Setting up an Android Development Environment in Windows with Eclipse

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WARNING: In the above video, the cursor is recorded in a slightly offset position, so sometimes it may look like I am selecting a 32 bit install instead of a 64 bit install. In any case, always select the download that matches your computer.

Here we will show you how to setup Eclipse for Android development in Windows. We use Eclipse partially for legacy reasons, but also due to the fact that Android Studio builds can be slow, and the fact that Eclipse supports development in Java, C++, and many other languages. I prefer to only have to learn one IDE for all of the programming I work on, and for that reason, I use Eclipse. For example, do you want to go through learning how to use Visual Studio just to learn C++ development, Android studio only for Android projects, and something else for Java development? I don’t. So here we will walk you through the steps necessary to setup Eclipse for Android development in Windows.


The Ingredients

Here is just a general list of the ingredients… every piece of software that you need to get your development environment set up. But please, try to install everything in the order I lay out. Otherwise, you may need to do a little bit of troubleshooting:

  1. Java JDK
  2. Git
  3. Cygwin (specifically, gcc, g++, and sh)
  4. 7-zip
  5. Eclipse for Android Developers
  6. Android NDK (optional, depending on whether your app has C++ components)


Only the finest ingredients…

I will get into the details of how to actually do the setup in the next section. Here I just want to introduce you to what you will be cooking with and why…

  1. To build a Java app, you need the Java development kit (JDK)… and since Android is basically built on Java (I am taking a little artistic liberty for saying this), you need the JDK to build Android apps. Note that many people already have Java on their computers to run website plugins. However, to run these plugins, you only need the Java Runtime (JRE) environment. To compile a Java app, you need the full JDK, which includes the JRE in it. So if you know you have Java installed, but don’t know if you have the JDK, the answer is almost definitely that you do not. The easiest way to check is to go to the folder “C:\Program Files\Java” and see if there is a subfolder starting with jdk. If there isn’t (if you only have folders starting with jre), then you will need to go get the JDK from the link above.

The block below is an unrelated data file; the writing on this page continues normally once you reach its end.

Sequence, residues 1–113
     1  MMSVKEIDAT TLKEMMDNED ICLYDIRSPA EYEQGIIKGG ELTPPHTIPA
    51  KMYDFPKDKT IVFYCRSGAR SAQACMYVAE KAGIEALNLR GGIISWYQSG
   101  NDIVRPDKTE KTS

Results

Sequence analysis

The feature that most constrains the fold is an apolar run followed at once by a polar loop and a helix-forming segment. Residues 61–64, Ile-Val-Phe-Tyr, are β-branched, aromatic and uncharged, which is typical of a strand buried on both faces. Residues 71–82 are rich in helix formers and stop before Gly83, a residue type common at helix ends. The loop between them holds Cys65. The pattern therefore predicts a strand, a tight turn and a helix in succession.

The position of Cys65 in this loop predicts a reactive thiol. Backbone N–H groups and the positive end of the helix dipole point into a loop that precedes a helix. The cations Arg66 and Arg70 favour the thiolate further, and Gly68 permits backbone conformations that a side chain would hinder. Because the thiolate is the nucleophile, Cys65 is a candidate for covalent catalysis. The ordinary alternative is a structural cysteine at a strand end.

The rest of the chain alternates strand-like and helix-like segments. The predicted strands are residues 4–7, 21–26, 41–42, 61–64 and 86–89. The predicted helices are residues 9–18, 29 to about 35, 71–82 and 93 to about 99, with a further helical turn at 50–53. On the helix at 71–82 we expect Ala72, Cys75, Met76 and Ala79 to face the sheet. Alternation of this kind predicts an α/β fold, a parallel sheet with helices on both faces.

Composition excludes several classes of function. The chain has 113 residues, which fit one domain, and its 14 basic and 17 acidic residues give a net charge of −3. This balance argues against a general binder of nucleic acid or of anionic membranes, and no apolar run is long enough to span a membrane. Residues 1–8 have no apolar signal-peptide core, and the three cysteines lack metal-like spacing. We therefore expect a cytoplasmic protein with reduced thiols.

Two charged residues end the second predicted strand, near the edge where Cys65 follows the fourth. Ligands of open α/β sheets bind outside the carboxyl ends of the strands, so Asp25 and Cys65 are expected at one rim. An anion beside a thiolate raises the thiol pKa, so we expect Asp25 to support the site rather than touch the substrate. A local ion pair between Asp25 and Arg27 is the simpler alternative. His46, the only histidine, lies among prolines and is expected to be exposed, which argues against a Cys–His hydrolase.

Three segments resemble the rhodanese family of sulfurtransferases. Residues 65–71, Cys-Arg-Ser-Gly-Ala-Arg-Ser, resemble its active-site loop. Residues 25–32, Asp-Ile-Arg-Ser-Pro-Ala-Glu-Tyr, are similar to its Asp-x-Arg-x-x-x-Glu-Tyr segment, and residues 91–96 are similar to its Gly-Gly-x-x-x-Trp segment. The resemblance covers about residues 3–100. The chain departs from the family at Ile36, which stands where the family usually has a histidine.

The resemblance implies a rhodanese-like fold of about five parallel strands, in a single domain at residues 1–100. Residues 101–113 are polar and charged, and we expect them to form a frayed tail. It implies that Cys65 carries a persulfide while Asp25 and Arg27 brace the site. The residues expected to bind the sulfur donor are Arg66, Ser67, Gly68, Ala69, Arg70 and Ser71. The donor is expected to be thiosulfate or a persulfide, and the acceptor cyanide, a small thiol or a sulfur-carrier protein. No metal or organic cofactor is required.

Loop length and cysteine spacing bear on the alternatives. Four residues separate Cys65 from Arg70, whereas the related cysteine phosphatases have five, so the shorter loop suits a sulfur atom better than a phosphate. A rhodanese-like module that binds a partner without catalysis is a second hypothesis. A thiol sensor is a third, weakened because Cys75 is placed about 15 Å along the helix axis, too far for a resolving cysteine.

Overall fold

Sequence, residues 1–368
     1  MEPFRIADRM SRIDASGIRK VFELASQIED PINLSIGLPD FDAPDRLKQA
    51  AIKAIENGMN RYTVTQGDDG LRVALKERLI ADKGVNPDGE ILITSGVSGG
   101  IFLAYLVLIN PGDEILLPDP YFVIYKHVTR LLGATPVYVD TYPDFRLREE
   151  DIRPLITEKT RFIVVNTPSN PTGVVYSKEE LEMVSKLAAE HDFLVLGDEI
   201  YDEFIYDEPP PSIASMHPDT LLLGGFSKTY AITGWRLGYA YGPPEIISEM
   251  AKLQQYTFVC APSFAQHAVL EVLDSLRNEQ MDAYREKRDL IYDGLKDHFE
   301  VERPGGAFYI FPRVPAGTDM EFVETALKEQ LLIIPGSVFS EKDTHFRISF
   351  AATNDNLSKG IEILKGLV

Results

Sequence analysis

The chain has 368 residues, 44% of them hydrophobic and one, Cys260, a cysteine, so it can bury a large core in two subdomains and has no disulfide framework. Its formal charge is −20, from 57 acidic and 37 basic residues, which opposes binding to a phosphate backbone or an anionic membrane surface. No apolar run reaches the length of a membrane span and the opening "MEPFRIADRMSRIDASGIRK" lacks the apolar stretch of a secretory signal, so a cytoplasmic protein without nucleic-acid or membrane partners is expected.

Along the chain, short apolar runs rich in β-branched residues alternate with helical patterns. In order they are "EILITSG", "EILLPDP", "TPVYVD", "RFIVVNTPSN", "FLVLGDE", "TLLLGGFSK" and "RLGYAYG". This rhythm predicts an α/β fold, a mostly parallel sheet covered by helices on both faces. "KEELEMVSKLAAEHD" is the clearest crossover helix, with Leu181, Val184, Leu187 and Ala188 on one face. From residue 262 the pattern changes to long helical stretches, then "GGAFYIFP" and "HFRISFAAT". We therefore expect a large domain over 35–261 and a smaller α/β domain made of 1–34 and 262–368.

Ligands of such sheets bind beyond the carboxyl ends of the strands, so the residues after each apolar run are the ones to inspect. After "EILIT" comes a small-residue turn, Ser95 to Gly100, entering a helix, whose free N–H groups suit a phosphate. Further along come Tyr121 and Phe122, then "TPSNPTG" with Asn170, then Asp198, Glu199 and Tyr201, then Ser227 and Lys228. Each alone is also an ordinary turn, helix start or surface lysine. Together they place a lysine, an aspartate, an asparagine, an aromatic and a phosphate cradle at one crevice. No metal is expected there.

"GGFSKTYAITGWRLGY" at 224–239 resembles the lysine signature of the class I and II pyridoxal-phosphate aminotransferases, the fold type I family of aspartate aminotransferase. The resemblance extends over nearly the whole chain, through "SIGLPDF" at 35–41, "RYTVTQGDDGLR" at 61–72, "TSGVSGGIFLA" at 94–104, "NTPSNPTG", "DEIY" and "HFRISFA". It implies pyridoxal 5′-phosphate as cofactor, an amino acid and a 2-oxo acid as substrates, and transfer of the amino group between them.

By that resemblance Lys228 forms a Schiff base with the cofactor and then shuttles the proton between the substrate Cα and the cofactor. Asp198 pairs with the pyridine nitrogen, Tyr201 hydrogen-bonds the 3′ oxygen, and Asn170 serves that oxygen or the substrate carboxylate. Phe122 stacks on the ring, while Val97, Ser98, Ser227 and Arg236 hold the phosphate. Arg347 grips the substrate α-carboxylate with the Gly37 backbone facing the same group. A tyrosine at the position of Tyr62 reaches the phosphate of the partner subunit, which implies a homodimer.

2. Git is not technically a requirement for building Android projects in Windows, but it is extremely helpful. You will often find sample apps that you want to download from Github or a privately-hosted Gitlab server, and the easiest way to get that code is to clone it onto your computer. Specifically, on the landing page for most projects, you will typically find the git prominently displayed, or uncovered by clicking a “Clone or download” button. It is a web address that looks like To download the code to your computer using git, you simply open a command prompt in the folder where you want the code, and then type git clone Obviously there is a lot more under the Git hood than that, but that will get you started…
  3. Cygwin is something that probably every Windows developer has on their computer, but if you don’t, then there are 3 things we need from it: gcc, g++, and sh. We need those functions on the path for the Android development environment in Eclipse to be able to build C++ components of our apps. Again, this is something you might not need if you don’t plan on having any native app components, but it is probably something you should have “just in case”. We are getting you setup so that you can handle 99% of use cases…
  4. 7-zip is just a file unzipper. So why do you need it? Well the answer is linked to the next step… the Eclipse download. The builtin file unzipper in Windows 7 does not properly unzip the the Eclipse files. I don’t know why this happens, but I can attest to the fact that the built-in Windows 7 unzipper corrupts the Eclipse files (and I am not alone or crazy… Google it!). I don’t know if the built-in unzipper causes problems in other versions of Windows, but better safe than sorry… 7-zip is great anyway. So it doesn’t hurt to get it.